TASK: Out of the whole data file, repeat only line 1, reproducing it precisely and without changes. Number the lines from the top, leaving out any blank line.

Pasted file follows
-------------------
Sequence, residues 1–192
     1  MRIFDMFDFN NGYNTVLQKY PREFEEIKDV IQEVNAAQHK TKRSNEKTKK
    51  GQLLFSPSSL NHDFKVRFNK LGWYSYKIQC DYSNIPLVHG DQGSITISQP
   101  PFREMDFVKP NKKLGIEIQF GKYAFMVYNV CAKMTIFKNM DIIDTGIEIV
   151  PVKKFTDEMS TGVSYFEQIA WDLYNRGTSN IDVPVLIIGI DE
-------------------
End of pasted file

Sequence, residues 1–192